Obama and Netanyahu at the UN GA: It could have been worse

The annual opening of the UN General Assembly, which took place this week, was attended by the ususal speeches from foreign leaders. Netanyahu’s speech was excellent. Palestinian “President-for-life” Mahmoud Abbas lied, and then lied again.

Mahmoud Abbas, the congenital liar, stands with his terrorist friends

Mahmoud Abbas, the congenital liar, stands with his terrorist friends

As for US President Obama, Israel had been on edge, waiting for “the shoe to drop” in Obama’s speech, but in the end, at least as far as Israel is concerned, it was fairly anodyne, though not without the standard condemnation of the settlements as an obstacle to peace.

President Barack Obama addresses the UN General Assembly

President Barack Obama addresses the UN General Assembly

Here are a few items relevant to Israel, the peace process (such as it is), the Middle East crisis, and our relations with the US both against the background of the UN General Assemby (UNGA) and also the recently concluded deal with Israel granting Israel a military aid package worth $38 billion over 10 years.

First, some background from Arutz Sheva:

In what will be his last speech at the UN General Assembly as President of the United States, Barack Obama outlined what he sees as the great successes in the international sphere of his eight-year term as President.

Really! When you look around the world and see the imposition of tyranny, the rise of despotic regimes, and the alarming rise of Islamic terrorism on every continent – in Europe, in Asia, in the Middle East and even in the United States itself! – how can he say that with a straight face?

During a section of the speech listing accommodations he thinks can easily be made on the international level, Obama mentioned Israel, saying that the Palestinians should certainly end incitement to terror and recognize Israel but also that “Israel must understand it can’t permanently continue to build on Palestinian land.”

Bla bla, same old same old. This sentence simply shows us that Obama and his White House team have learned nothing and forgotten everything.

It’s not only about Israel that Obama misses the point entirely:

President Obama also spoke about the Syrian civil war, once again rejecting the notion of a military solution to the conflict. US and Russian officials are meeting in New York together with representatives of dozens of other countries to discuss further strategy after the recent truce brokered in Syria completely collapsed over the past few days.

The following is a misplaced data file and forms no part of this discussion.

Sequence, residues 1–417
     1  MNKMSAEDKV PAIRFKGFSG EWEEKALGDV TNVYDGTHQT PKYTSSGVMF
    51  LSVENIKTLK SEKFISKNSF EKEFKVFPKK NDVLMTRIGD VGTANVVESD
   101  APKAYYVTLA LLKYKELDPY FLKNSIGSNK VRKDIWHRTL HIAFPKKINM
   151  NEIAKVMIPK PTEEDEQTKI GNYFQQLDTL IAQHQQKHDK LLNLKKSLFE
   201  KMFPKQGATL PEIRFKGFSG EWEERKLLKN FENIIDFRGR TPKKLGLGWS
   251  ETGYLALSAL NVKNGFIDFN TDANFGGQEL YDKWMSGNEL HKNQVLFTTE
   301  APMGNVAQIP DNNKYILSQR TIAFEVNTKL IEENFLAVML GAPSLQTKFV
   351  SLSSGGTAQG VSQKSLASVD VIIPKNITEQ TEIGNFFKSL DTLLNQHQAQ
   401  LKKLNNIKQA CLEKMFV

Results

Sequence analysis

“There’s no ultimate military victory to be won,” Obama told the General Assembly, “we’re going to have to pursue the hard work of the diplomacy that aims to stop the violence and
deliver aid to those in need.”

The ONLY solution in Syria is going to be a military one. Diplomacy can only take you so far, but if armies and rebels and allies won’t lay down their arms then military means are the only way to enforce if not actual peace then at least a cessation of violence. The Russians may agree to talk peace and ceasefires till everyone is blue in the face but it is blindingly clear, from evidence on the ground, that what they say and what they do are two entirely different things.  See how the Russians bombed an aid convoy to Aleppo this week. The same applies to Turkey: just look at who they are bombing. It’s not always ISIS.

Interestingly, despite Obama’s (and Egypt’s al-Sisi‘s) views that the settlements are at the root of the conflict, the meeting between Netanyahu and Obama was friendly and positive:

A senior member of Prime Minister Binyamin Netanyahu’s entourage stressed on Wednesday that the Prime Minister’s meeting with President Barack Obama in New York was positive, adding that the two leaders agree on most issues, with the exception of the issue of Israel’s presence in Judea and Samaria.

“Even President Obama said that the meeting was positive. It’s no secret that there are differences in opinion – but there is consensus on most issues, except for the issue of the settlements,” the official said.

“Everyone in the region and the world understand Israel’s strength,” the official continued. “It is a country with intelligence capabilities like no other. It is clear that President Obama has a certain view and the Prime Minister also has a clear view. But it is also clear that the issue of the settlements is not the root of the conflict. That is nonsense.”

The source added that “to come and say that that is the root of this conflict is simply nonsense. We are ready to meet the Palestinian Authority but it must give up the right of return and recognize Israel as a Jewish state.”

Israellycool has the video of their last press conference:

Jack Engelhard even called the meeting dull!

They met, the prime minister of Israel and the president of the United States and for the first time, nobody got hurt.

This was no rumble in the jungle, like Ali versus Foremen, or like Ali versus Frazier, when somebody is bound to go down.

… This meeting in New York on Wednesday was dullsville – Thank goodness!

Maybe so because it is the last time these two fighters will be meeting, officially, and they’ve had enough.

… They even came out of their corners smiling, Bibi and Barack, yes indeed, they are now on a first-name basis…. They even ended up smiling. Netanyahu invited Obama to Jerusalem. Obama promised to be there with the Mrs. and the kids, and there was no questioning Jerusalem as the capital of Israel. Okay, Obama did mention the two-state solution thing. But it sounded like something he has to say because…well, because.